One night last week, my friend was quite distraught over an altercation she had with a staff member earlier in the day. She talked about the hurtful things the person had said, the pain augmented by the fact that it was done angrily, and in public. The stress that resulted was almost more than my friend could handle, and she indicated that she wasn’t likely to get any sleep again that night.
She was particularly upset that the person who had clashed with her was one of the hospital’s “DBT trainers.” DBT is “Dialectical Behavior Therapy,” the method taught each day to all of the patients to help them get in touch with their emotions, manage those effectively, and find ways to connect effectively with each other. My friend lamented that the staff person was clearly better at teaching the method than she was at using it to control her own interactions with others. Then she added, “I go to the classes, but I just don’t understand any of it...There has to be an easier way!”
I grabbed a piece of paper and a pencil, and began to teach my friend the “Social Response Pyramid™.” After just a few minutes, my friend said, “I understand this! It is so much easier than DBT. It actually makes sense to me!” Visiting hours ended about ten minutes later. As she walked me to the door, my friend thanked me, and said that she was feeling much calmer, and knew she wouldn’t be losing any sleep over the issue. She had a better understanding of what had happened, and had a plan for what to do the next morning when she encountered the staff person again.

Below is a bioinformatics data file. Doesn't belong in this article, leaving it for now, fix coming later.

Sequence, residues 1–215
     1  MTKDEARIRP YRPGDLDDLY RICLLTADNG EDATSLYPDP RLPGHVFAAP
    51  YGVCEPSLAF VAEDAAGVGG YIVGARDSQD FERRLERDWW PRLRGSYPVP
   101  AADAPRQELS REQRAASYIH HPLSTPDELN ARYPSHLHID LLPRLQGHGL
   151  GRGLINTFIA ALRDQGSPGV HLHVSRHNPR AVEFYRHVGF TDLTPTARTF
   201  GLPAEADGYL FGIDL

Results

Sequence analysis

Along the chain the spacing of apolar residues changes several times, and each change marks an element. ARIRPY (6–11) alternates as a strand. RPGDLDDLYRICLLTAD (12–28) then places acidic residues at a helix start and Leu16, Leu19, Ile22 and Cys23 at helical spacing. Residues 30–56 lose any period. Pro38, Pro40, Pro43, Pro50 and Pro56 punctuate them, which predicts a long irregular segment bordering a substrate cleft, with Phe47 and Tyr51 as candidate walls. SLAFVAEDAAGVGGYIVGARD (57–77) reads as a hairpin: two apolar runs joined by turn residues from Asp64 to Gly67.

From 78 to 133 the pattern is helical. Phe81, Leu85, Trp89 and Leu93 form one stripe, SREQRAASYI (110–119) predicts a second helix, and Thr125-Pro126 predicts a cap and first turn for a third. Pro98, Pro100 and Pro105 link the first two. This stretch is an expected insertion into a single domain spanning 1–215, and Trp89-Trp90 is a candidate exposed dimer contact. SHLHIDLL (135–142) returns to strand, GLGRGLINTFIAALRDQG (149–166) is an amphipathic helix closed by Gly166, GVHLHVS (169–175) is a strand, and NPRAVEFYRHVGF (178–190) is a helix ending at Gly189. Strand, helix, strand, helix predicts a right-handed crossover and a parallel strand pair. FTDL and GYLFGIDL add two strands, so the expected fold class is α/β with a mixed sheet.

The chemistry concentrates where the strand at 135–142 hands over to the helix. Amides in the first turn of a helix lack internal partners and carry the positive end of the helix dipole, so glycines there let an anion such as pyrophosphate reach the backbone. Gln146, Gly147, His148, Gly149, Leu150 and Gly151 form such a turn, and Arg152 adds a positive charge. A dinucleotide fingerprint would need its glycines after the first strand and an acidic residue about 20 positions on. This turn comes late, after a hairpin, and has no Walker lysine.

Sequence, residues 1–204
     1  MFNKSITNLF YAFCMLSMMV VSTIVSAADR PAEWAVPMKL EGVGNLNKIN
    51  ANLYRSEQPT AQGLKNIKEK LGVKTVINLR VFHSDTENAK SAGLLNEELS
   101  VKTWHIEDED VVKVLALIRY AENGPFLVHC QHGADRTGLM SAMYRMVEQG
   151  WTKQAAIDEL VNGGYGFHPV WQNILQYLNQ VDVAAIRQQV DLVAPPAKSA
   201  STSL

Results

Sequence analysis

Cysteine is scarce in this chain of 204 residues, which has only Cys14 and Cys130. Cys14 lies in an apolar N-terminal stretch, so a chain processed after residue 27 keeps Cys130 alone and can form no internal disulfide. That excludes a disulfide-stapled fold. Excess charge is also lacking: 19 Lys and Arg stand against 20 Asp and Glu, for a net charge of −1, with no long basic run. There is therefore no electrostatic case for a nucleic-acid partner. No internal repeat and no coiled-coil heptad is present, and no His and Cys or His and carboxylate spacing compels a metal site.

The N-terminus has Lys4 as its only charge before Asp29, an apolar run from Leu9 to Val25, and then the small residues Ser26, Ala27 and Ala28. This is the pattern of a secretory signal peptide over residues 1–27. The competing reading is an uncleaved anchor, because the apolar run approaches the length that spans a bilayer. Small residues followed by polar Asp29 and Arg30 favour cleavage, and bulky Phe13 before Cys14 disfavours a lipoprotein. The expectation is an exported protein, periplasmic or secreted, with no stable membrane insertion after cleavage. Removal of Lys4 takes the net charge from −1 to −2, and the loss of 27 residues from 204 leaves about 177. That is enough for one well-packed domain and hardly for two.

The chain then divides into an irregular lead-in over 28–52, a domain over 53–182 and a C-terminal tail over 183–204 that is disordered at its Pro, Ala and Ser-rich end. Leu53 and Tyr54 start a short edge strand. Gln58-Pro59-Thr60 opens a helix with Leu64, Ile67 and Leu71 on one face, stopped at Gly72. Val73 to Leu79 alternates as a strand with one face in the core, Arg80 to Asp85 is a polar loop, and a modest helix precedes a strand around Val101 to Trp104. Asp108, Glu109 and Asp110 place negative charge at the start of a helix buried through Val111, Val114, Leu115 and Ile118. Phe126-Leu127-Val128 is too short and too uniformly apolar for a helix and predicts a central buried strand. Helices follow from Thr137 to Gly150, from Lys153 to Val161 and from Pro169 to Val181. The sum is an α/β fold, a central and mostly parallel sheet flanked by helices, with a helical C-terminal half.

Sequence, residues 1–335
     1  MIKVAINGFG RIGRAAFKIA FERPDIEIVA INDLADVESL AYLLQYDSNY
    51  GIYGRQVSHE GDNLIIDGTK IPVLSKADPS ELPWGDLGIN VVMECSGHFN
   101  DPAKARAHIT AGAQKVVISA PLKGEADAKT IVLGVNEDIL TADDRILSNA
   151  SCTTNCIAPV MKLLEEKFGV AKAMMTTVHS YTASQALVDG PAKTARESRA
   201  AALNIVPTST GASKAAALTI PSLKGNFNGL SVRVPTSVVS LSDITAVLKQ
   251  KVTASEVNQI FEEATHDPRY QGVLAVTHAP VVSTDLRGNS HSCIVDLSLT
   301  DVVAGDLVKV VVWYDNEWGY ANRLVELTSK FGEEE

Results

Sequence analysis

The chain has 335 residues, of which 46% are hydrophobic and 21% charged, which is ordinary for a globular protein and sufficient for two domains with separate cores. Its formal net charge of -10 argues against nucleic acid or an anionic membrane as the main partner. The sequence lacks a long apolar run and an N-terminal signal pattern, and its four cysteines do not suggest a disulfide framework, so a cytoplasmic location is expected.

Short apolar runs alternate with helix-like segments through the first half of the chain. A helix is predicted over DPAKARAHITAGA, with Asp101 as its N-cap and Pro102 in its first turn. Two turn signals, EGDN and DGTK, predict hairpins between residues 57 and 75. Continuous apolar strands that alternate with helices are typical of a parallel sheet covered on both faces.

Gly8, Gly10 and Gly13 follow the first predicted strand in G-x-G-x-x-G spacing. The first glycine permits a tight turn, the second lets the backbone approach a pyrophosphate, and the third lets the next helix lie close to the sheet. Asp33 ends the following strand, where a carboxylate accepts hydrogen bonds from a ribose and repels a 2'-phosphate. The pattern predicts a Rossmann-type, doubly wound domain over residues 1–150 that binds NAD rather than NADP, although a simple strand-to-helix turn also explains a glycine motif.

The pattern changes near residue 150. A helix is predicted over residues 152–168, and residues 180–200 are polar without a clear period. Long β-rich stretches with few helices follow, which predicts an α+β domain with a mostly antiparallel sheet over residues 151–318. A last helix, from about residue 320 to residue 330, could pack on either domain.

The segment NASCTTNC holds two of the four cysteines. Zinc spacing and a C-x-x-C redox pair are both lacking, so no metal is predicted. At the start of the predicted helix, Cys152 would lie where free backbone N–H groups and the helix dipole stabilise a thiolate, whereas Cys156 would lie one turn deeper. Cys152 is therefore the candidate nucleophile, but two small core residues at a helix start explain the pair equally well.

For me, that’s the beauty of the simple tool I’ve developed. The Social Response Pyramid™ is easy to teach and use, and typically “makes sense” to people; even those who struggle to understand social interactions on their own. I’ve often seen it diffuse anger or anxiety, and help people come up with valuable “next steps” for identifying and moving toward their goals.
Yet this isn’t a tool only for those who struggle due to mental, physical, or emotional functioning, financial or family circumstances, health issues, relationship difficulties, loneliness, etc. Like the staff members my friend encountered, I find that I need to use The Social Response Pyramid™, and a variety of other strategies, to continue to better understand myself and others, and to be more effective in my social interactions.
Whether you use the Social Response Pyramid™, or any of the many other strategies available today, hopefully you will continue to experience success, both in your personal life, as well as in your work with people who rely on you to come alongside them to teach, support, remind, and encourage.